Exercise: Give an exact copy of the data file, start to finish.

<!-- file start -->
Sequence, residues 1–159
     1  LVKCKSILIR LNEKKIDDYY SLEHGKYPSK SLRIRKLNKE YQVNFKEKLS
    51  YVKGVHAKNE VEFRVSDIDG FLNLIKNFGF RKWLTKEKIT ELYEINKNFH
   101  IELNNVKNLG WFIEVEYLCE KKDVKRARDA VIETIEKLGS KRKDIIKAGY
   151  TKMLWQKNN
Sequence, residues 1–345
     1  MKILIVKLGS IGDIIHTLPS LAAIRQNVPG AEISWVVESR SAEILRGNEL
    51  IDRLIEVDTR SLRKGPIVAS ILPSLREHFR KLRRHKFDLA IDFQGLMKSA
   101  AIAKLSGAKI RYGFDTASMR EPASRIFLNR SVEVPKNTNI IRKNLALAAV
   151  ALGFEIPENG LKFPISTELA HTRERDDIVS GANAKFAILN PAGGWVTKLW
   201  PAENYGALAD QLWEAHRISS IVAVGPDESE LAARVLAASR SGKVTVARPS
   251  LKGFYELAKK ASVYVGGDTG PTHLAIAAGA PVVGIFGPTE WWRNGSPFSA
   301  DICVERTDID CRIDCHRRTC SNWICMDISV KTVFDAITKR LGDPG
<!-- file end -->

Sequence, residues 1–159
     1  LVKCKSILIR LNEKKIDDYY SLEHGKYPSK SLRIRKLNKE YQVNFKEKLS
    51  YVKGVHAKNE VEFRVSDIDG FLNLIKNFGF RKWLTKEKIT ELYEINKNFH
   101  IELNNVKNLG WFIEVEYLCE KKDVKRARDA VIETIEKLGS KRKDIIKAGY
   151  TKMLWQKNN
Sequence, residues 1–345
     1  MKILIVKLGS IGDIIHTLPS LAAIRQNVPG AEISWVVESR SAEILRGNEL
    51  IDRLIEVDTR SLRKGPIVAS ILPSLREHFR KLRRHKFDLA IDFQGLMKSA
   101  AIAKLSGAKI RYGFDTASMR EPASRIFLNR SVEVPKNTNI IRKNLALAAV
   151  ALGFEIPENG LKFPISTELA HTRERDDIVS GANAKFAILN PAGGWVTKLW
   201  PAENYGALAD QLWEAHRISS IVAVGPDESE LAARVLAASR SGKVTVARPS
   251  LKGFYELAKK ASVYVGGDTG PTHLAIAAGA PVVGIFGPTE WWRNGSPFSA
   301  DICVERTDID CRIDCHRRTC SNWICMDISV KTVFDAITKR LGDPG